[i]n the present case, the author arrived in Canada when he was four years old, his nuclear family lives in Canada, he has no ties to Somalia and has never lived there and has difficulties speaking the language. The Committee observes that it is not disputed that the author has lived almost all his conscious life in Canada, that he received his entire education in Canada and that before coming to Canada he lived in Saudi Arabia and not in Somalia. It also notes the author’s claim that he does not have any proof of Somali citizenship. In the particular circumstances of the case, the Committee considers that the author has established that Canada was his own country within the meaning of article 12, paragraph 4, of the Covenant, in the light of the strong ties connecting him to Canada, the presence of his family in Canada, the language he speaks, the duration of his stay in the country and the lack of any other ties than at best formal nationality with Somalia.

Notwithstanding its inconsistent views, the HRC is clear that States Parties should be slow to equate “his own country” and “country of his nationality”. Particular caution should be exercised with respect to individuals who are permanently resident in the country and those granted refugee status by the State.

Turning to regional treaties, the African Charter on Human and Peoples’ Rights (ACHPR) uses the word “country” in Article 12(2) (like Article 12(4) of the ICCPR). It provides that “[e]very individual shall have the right … to return to his country”. While Rachel Murray (at p. 330) suggests that Article 12(2) protects the right of an individual to return to “the country of which he or she is a national“, this reading imports a limitation into Article 12(2) which is at odds with the HRC’s interpretation of “country” in Article 12(4) of the ICCPR.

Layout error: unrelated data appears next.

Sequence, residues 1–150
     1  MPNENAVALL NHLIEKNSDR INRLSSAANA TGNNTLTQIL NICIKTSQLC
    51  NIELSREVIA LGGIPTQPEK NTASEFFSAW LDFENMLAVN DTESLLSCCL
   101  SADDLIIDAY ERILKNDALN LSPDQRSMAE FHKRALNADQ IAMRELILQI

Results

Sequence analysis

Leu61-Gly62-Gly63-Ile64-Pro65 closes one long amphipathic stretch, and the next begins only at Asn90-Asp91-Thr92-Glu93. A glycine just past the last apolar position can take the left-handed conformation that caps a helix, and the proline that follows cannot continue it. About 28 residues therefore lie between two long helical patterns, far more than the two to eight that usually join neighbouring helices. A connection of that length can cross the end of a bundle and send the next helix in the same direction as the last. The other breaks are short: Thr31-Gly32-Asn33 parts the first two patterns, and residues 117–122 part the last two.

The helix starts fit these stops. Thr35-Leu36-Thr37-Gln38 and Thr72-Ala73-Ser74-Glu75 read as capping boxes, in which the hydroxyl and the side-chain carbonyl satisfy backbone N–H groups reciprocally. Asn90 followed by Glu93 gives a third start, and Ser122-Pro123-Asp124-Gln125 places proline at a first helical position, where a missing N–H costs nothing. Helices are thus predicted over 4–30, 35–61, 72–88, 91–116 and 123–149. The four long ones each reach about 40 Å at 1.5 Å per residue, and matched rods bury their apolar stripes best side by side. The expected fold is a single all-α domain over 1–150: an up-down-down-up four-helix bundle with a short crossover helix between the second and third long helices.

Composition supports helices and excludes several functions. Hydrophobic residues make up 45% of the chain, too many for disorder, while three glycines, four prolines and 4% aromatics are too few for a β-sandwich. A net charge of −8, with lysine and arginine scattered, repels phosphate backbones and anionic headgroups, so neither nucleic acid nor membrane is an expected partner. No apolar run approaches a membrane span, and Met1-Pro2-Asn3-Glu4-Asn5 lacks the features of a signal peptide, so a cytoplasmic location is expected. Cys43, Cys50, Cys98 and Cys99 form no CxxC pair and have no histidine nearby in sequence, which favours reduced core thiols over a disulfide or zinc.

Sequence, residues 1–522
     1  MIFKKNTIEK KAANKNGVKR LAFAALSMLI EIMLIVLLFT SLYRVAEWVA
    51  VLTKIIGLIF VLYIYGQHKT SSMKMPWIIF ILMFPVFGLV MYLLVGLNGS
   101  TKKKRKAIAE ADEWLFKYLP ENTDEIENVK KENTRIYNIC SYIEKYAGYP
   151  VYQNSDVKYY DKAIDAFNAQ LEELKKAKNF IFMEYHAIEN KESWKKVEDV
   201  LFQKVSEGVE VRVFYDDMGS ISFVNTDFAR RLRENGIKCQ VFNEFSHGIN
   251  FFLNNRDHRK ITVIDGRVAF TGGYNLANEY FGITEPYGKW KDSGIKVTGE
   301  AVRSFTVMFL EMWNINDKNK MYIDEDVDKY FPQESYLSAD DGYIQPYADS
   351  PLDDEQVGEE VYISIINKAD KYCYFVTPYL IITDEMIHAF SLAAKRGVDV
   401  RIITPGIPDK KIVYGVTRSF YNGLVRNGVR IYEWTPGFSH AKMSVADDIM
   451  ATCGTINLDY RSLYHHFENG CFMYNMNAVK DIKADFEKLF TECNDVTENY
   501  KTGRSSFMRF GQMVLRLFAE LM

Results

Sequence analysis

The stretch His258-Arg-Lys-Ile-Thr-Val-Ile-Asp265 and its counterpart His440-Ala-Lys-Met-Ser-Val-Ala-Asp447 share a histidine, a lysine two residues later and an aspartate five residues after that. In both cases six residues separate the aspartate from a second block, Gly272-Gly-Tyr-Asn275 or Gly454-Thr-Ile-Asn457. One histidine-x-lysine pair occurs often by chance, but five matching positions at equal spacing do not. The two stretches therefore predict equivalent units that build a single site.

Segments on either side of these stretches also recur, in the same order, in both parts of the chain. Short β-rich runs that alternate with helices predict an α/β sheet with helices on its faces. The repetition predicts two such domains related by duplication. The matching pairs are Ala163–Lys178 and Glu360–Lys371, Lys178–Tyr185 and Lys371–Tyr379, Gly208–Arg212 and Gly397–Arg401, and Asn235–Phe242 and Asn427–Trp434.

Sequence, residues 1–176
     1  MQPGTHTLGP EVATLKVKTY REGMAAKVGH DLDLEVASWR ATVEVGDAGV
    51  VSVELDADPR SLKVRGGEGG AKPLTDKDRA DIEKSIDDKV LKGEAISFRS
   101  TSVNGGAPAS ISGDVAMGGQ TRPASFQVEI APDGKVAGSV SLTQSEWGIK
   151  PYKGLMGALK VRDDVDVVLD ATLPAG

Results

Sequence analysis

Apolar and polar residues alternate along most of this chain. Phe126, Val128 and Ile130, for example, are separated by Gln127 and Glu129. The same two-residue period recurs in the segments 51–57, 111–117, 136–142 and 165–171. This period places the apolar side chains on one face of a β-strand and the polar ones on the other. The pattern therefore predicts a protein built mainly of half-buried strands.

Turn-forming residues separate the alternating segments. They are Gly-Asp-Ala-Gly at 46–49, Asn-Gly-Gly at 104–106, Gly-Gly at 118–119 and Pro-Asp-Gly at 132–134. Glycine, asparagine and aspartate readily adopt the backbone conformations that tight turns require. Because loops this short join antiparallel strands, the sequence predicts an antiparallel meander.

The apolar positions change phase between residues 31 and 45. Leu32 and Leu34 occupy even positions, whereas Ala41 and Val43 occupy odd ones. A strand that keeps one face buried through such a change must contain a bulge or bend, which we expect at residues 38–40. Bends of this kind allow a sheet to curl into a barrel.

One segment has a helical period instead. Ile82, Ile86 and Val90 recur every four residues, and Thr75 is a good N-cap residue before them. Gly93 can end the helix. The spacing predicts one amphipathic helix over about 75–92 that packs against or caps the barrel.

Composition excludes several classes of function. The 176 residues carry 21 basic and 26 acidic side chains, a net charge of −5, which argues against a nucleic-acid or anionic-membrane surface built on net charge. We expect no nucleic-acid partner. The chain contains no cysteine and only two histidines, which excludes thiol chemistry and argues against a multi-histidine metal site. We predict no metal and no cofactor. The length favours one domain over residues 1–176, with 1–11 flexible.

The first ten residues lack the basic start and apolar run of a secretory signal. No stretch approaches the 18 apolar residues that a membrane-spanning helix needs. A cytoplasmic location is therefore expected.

Draft Article 12(4) of the ICCPR was a source of inspiration for Article 3(2) of Protocol No. 4 to the Convention for the Protection of Human Rights and Fundamental Freedoms (ECHR). It provides that “[n]o one shall be deprived of the right to enter the territory of the state of which he is a national”. In considering draft Article 3(2), the  Committee of Experts on Human Rights considered a proposal to replace the words “state of which he is a national” with “his own country” (i.e., the language used in draft Article 12(4) of the ICCPR). However, this proposal was not accepted. Most of the experts considered “state of which he is a national” to have “a more precise legal meaning” (Explanatory Report to Protocol No. 4, para. 24).

Article 22(5) of the American Convention on Human Rights (ACHR) is also limited by nationality: “[n]o one can be expelled from the territory of the state of which he is a national or be deprived of the right to enter it”.

The foregoing shows that the ICCPR (and, arguably, the ACHPR) protects a broader group of individuals than the ECHR and the ACHR.

“Arbitrarily”

The HRC considered the meaning of “arbitrarily” in General Comment No. 27. It stated (at para. 21) that:

[t]he reference to the concept of arbitrariness in this context is intended to emphasize that it applies to all State action…; it guarantees that even interference provided for by law should be in accordance with the provisions, aims and objectives of the Covenant and should be, in any event, reasonable in the particular circumstances. The Committee considers that there are few, if any, circumstances in which deprivation of the right to enter one’s own country could be reasonable.

In General Comment No. 35 (which concerns arbitrary arrest and detention), the HRC stated (at para. 12) that the notion of arbitrariness must be interpreted broadly “to include elements of inappropriateness, injustice, lack of predictability and due process of law, as well as elements of reasonableness, necessity and proportionality”.